The inventions that characterized the Bronze Age were metal weapons and writing. Smelting copper and tin into bronze was the primary requirement of classifying a civilization as part of the Bronze Age, and centralized government, the pottery wheel and year-round agriculture were other innovations.
The development of bronze lead to the invention of metal weapons such as swords, daggers and arrowheads; these weapons replaced earlier stone and bone weapons and tools. These defensive capabilities allowed for urban growth and the first real cities when combined with advanced forms of pottery manufacturing and more efficient agriculture. There were negative effects to these developments as well, including slavery, large-scale warfare and the early development of social classes.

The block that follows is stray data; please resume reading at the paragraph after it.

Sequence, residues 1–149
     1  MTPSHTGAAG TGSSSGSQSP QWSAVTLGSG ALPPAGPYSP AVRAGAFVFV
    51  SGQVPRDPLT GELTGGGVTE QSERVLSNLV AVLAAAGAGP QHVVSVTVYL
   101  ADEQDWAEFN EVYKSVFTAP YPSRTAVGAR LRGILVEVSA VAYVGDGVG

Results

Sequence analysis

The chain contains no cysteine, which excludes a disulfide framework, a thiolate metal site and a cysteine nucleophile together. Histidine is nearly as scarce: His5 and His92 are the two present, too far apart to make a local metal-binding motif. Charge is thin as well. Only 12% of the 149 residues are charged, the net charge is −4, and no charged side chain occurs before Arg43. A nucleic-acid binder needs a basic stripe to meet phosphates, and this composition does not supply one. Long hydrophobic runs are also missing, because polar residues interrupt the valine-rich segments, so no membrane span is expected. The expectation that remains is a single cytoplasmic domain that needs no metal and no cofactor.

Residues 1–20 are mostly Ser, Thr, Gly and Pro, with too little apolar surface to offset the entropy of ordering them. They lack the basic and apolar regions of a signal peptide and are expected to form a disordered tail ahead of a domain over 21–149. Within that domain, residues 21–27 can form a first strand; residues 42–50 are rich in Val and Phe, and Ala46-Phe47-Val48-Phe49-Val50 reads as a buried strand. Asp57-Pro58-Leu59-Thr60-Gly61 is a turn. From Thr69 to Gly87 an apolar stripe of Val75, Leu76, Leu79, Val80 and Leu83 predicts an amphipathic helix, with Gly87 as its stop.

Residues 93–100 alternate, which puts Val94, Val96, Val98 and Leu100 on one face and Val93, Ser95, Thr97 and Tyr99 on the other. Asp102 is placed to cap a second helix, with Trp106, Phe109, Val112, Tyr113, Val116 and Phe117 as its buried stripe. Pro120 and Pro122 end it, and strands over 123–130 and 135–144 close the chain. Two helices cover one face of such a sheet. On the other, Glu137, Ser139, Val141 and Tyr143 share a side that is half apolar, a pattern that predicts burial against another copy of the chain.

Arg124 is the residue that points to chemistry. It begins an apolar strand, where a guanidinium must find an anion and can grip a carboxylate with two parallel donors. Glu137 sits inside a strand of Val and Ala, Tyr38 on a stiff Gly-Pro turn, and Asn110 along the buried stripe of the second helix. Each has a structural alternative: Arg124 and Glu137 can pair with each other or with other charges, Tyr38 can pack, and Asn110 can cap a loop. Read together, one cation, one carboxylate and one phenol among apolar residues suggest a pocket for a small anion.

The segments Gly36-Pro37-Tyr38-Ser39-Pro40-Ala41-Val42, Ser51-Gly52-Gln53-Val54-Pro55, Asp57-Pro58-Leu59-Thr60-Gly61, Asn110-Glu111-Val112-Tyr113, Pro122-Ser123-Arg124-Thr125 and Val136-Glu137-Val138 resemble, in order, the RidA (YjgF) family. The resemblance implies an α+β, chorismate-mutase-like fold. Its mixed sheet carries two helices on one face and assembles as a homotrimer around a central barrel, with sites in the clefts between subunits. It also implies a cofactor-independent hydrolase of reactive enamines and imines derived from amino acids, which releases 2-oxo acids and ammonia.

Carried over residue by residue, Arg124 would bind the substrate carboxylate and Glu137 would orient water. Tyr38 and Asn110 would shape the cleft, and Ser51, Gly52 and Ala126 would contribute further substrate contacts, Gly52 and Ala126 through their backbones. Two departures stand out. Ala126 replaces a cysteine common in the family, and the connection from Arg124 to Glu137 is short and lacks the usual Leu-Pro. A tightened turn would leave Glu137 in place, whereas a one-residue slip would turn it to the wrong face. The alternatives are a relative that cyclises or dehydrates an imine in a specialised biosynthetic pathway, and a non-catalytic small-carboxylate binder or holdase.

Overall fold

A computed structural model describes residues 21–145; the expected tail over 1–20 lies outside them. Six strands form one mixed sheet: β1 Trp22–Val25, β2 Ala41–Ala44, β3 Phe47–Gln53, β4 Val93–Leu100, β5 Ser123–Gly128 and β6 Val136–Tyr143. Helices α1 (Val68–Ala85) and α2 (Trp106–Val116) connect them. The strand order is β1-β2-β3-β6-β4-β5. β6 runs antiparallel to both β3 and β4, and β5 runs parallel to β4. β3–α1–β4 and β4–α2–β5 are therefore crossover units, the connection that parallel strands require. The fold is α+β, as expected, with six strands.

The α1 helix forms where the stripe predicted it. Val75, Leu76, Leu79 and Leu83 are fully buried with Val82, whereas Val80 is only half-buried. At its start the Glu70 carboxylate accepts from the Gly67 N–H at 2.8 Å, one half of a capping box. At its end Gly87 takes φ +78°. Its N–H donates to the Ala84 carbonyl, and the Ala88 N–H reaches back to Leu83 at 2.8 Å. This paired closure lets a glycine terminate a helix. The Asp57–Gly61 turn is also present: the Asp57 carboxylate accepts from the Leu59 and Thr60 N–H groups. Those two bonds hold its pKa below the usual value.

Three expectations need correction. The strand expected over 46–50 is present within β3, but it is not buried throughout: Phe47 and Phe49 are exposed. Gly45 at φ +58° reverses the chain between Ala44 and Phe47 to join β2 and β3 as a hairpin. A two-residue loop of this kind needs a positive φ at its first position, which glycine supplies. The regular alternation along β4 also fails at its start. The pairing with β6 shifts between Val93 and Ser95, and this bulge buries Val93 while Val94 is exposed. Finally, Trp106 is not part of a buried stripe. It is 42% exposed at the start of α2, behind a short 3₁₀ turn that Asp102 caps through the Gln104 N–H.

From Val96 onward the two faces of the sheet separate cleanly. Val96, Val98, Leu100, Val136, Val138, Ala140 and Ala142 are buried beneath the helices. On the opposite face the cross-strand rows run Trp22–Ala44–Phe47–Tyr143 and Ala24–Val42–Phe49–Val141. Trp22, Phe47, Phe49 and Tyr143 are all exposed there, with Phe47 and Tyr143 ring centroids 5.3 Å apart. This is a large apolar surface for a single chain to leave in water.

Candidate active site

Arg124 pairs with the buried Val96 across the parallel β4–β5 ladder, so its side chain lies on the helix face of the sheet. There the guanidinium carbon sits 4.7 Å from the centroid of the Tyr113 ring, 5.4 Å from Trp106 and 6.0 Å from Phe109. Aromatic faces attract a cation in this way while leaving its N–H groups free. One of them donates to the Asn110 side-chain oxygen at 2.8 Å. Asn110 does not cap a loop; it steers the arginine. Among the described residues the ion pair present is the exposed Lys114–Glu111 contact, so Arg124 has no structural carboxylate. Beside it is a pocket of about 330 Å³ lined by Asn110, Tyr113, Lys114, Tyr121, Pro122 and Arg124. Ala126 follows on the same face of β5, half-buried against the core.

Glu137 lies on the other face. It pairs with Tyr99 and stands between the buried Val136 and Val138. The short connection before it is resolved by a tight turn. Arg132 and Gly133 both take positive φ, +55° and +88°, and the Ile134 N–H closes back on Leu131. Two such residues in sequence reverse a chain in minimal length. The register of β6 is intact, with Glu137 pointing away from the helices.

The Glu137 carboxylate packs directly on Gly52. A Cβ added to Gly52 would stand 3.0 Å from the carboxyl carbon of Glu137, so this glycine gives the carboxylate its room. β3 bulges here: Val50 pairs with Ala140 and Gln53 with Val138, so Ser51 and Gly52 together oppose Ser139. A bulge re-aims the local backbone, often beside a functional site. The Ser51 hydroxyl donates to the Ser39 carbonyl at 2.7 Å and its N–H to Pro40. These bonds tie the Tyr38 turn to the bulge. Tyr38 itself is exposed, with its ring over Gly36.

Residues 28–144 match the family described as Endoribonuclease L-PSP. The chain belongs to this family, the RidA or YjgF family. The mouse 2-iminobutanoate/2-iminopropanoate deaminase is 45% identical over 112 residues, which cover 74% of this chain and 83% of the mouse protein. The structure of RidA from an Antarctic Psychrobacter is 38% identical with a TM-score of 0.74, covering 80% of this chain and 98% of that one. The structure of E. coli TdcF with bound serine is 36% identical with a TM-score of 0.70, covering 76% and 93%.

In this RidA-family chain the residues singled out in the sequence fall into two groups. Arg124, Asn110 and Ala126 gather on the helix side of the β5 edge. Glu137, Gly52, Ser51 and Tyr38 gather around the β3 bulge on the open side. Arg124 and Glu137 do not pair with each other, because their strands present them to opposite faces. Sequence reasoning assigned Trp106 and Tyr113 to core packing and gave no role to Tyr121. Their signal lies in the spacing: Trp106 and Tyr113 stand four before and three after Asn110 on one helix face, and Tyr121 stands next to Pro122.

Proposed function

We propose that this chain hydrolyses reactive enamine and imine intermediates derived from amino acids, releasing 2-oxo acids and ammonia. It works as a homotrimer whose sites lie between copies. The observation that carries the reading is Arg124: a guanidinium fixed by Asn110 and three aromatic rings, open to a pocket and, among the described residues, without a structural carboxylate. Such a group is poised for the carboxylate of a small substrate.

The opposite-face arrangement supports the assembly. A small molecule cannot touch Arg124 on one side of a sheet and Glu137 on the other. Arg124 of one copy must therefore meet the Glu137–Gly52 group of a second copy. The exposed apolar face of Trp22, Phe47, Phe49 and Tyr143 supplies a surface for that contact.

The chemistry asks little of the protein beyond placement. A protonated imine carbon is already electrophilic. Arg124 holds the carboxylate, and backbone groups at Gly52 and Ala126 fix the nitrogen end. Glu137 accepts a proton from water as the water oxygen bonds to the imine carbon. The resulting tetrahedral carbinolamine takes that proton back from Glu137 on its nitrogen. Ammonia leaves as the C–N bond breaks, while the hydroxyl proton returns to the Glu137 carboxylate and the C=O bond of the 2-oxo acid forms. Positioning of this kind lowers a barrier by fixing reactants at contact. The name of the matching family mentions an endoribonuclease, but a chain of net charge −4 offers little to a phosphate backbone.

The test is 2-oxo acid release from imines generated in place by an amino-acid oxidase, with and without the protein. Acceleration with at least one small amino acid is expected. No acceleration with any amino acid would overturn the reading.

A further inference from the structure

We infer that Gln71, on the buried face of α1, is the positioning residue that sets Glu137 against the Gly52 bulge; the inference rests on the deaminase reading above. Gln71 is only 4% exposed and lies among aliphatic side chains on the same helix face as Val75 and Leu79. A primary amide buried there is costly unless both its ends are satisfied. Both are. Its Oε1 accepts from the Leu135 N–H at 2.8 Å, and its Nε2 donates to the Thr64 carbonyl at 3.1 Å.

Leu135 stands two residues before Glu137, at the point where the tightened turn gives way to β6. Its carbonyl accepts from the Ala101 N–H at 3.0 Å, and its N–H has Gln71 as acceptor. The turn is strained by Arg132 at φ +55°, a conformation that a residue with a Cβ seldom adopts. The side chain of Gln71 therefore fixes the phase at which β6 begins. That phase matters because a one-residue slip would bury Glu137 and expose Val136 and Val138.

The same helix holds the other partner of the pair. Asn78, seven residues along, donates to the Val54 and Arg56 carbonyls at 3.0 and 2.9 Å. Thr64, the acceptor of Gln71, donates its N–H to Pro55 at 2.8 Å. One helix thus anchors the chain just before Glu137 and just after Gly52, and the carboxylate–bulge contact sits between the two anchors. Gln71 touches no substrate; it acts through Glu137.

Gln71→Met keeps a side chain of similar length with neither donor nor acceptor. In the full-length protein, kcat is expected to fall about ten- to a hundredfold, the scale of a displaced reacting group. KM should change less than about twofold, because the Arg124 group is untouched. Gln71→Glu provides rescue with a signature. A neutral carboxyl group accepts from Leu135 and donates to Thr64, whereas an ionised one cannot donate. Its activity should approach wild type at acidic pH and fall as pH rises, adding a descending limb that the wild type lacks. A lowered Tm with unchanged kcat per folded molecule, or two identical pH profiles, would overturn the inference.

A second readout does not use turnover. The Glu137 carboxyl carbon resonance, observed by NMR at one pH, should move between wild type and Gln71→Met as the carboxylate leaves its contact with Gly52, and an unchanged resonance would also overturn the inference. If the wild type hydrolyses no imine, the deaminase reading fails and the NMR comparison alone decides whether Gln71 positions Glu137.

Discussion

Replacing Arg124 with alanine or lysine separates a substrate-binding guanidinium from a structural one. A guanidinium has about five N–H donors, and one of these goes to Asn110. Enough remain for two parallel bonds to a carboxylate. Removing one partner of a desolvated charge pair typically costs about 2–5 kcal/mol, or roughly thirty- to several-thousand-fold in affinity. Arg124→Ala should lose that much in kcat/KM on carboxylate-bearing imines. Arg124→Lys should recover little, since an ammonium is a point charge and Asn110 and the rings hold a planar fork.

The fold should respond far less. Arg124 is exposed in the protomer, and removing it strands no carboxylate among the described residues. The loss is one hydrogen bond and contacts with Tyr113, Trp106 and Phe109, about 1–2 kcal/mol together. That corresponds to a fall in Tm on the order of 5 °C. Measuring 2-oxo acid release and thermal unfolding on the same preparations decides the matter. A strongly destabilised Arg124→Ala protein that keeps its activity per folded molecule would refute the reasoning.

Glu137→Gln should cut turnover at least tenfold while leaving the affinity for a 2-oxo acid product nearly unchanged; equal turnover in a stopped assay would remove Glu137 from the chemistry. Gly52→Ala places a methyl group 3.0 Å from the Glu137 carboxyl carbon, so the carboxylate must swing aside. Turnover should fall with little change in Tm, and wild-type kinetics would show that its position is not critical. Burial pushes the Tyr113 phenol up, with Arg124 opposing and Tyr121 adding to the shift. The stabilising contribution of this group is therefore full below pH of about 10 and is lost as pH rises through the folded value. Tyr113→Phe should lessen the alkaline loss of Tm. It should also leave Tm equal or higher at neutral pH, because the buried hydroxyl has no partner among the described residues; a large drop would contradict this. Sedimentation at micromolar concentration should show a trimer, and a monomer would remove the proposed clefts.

Writing first appeared during the Bronze Age as well. Egypt, Sumeria, China, Crete and the Olmecs of Mesoamerica were all civilizations that developed their first writing systems during the Bronze Age. The earliest known true alphabet was invented around 2000 B.C. in Egypt's Sinai Peninsula. Chinese and Olmec writing systems were developed independently during the same era. Earlier writing systems, such Egyptian hieroglyphs, Minoan hieroglyphs and the Indus script from India, were considered proto-writing and consisted of pictographs and symbols that denoted objects rather than alphabets.